Among the major objectives of Woodson’s research and the programmes he sponsored through the Association For The Study Of Afro-American Life And History (the name was changed in the 1970s to reflect the changing times) was to counteract the racism promoted in works published by white scholars.
With several young black assistants –– Rayford W. Logan, Charles H. Wesley, Lorenzo J. Greene, and A. A. Taylor –– Woodson pioneered in writing the social history of black Americans, using new sources and methods, such as census data, slave testimony, and oral history. These scholars moved away from interpreting Blacks solely as victims of white oppression and racism towards a view of them as major actors in American history.
During the 1920s, Woodson funded the research and outreach programmes of the association with substantial grants from white foundations such as the Carnegie Foundation, the General Education Board, and the Laura Spellman Rockefeller Foundation. Wealthy Whites, such as Julius Rosenwald, also made contributions. White philanthropists cut Woodson’s funding in the early 1930s, however, after he refused to affiliate the association with a black college. During and after the depression, Woodson depended on the black community for his sole source of support.
Woodson began his career as a publishing scholar in the field of African-American history in 1915 with the publication of The Education Of The Negro Prior To 1861. By 1947, when the ninth edition of his textbook The Negro In Our History appeared, Woodson had published four monographs, five textbooks, five edited collections of source materials, and 13 articles, as well as five collaborative sociological studies. Covering a wide range of topics, he relied on an interdisciplinary method, combining anthropology, archaeology, sociology, and history.
Among the first scholars to investigate slavery from the slaves’ point of view, Woodson studied it comparatively at institutions in the United States and Latin America. His work prefigured the concerns of later scholars of slavery by several decades, as he examined slaves’ resistance to bondage, the internal slave trade and the break-up of slave families, miscegenation, and Blacks’ achievements despite the adversity of slavery.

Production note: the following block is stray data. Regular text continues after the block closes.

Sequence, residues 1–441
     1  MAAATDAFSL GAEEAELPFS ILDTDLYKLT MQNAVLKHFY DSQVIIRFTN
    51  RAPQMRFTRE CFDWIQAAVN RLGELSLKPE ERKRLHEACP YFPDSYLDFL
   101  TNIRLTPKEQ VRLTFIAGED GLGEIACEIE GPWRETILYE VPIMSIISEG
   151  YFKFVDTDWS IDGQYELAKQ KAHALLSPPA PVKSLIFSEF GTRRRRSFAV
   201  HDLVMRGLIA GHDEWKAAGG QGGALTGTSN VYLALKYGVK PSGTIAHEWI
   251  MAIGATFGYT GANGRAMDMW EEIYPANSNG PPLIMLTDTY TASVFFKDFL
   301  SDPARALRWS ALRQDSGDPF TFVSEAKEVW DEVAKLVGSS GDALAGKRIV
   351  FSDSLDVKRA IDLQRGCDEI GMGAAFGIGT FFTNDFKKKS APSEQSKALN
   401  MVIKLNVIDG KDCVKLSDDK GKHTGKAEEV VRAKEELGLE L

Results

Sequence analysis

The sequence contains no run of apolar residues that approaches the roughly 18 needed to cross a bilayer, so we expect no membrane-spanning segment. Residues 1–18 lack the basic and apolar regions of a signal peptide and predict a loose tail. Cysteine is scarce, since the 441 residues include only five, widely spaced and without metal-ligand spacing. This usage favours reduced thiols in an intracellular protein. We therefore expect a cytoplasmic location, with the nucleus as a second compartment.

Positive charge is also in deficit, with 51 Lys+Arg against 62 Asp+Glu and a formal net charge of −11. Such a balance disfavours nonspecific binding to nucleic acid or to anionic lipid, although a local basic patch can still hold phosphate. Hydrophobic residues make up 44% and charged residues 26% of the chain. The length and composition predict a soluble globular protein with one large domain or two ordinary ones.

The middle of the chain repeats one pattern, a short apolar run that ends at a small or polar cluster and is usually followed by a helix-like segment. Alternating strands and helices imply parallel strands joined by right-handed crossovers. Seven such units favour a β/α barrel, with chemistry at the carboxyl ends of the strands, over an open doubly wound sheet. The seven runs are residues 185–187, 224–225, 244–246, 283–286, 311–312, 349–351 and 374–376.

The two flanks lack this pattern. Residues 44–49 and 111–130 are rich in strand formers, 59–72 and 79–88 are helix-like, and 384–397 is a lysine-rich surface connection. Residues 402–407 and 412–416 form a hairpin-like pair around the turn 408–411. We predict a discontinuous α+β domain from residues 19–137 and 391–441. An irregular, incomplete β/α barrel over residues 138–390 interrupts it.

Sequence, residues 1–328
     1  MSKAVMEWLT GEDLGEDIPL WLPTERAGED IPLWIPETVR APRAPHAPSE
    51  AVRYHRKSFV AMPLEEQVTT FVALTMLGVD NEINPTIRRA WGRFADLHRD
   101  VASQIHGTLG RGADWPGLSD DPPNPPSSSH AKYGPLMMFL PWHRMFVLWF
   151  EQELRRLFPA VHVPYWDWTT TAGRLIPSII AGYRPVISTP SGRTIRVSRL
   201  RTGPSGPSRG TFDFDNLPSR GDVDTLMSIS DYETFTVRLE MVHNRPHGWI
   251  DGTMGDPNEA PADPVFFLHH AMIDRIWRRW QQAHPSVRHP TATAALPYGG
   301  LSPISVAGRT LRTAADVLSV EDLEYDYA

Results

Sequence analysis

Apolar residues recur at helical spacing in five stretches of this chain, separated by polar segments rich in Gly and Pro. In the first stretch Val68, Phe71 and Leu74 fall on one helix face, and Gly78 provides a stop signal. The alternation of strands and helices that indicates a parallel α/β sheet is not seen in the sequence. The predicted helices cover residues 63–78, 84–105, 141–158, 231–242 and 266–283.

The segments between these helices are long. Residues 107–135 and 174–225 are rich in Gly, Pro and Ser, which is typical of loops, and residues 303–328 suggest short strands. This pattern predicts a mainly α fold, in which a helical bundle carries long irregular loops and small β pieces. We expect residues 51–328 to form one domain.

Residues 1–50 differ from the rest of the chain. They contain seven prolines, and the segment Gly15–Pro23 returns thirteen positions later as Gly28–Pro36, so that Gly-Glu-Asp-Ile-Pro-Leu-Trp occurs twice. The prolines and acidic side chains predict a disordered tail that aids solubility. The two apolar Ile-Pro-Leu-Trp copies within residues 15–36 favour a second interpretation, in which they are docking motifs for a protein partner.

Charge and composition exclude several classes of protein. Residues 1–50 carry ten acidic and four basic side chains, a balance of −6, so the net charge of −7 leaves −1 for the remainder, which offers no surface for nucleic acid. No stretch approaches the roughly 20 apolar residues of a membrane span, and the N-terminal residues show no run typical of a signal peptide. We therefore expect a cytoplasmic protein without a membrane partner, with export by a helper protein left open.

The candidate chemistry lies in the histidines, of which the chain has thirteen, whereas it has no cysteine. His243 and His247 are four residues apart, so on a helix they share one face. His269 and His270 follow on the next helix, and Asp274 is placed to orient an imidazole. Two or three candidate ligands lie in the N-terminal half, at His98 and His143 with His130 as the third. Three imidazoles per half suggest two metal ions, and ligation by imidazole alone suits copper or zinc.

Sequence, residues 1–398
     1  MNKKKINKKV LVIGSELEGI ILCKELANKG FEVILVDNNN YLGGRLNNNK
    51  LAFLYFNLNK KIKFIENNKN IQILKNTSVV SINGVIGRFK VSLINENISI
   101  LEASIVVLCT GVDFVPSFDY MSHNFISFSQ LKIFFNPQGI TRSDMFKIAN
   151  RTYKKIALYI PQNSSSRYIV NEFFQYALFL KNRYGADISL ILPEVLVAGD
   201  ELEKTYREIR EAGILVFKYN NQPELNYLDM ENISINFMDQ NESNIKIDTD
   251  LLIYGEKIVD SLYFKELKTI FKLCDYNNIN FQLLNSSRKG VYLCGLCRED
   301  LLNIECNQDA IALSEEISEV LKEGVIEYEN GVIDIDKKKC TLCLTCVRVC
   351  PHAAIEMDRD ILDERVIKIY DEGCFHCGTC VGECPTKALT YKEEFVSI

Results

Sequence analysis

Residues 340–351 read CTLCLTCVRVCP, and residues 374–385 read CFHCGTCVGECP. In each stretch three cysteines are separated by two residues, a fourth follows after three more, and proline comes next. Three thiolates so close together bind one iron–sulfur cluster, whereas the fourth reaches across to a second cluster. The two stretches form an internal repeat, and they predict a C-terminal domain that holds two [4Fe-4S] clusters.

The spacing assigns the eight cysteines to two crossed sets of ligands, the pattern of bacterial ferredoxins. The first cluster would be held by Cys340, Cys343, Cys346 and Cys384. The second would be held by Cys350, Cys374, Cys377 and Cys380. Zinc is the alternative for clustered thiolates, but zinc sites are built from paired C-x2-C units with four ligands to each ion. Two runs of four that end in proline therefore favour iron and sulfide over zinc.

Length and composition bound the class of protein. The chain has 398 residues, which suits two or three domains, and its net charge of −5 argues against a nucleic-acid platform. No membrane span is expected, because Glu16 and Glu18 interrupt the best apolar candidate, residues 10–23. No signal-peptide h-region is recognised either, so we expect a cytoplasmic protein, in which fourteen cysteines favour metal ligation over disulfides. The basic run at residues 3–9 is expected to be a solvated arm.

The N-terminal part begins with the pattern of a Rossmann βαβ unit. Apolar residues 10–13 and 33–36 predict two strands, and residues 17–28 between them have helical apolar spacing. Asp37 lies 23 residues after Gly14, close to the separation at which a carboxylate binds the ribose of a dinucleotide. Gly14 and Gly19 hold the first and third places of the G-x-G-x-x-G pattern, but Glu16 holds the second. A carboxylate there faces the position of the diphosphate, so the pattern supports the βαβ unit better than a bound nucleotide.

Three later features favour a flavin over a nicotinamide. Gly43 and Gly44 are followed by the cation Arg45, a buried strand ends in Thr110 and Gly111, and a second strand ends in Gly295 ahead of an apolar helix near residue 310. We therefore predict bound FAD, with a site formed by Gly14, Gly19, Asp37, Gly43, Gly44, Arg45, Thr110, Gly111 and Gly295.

Woodson focused mainly on slavery in the antebellum period, examining the relationships between owners and slaves and the impact of slavery upon the organization of land, labour, agriculture, industry, education, religion, politics, and culture. Woodson also noted the African cultural influences on African-American culture. In The Negro Wage Earner (1930) and The Negro Professional Man And The Community (1934) Woodson described class and occupational stratification within the black community. Using a sample of 25,000 doctors, dentists, nurses, lawyers, writers, and journalists, he examined income, education, family background, marital status, religious affiliation, club and professional memberships, and the literary tastes of black professionals. He hoped that his work on Africa would “invite attention to the vastness of Africa and the complex problems of conflicting cultures”.
Woodson never married or had children, and he died at his Washington home on April 3, 1950.
The celebration of Black History Month is a tribute to his legacy.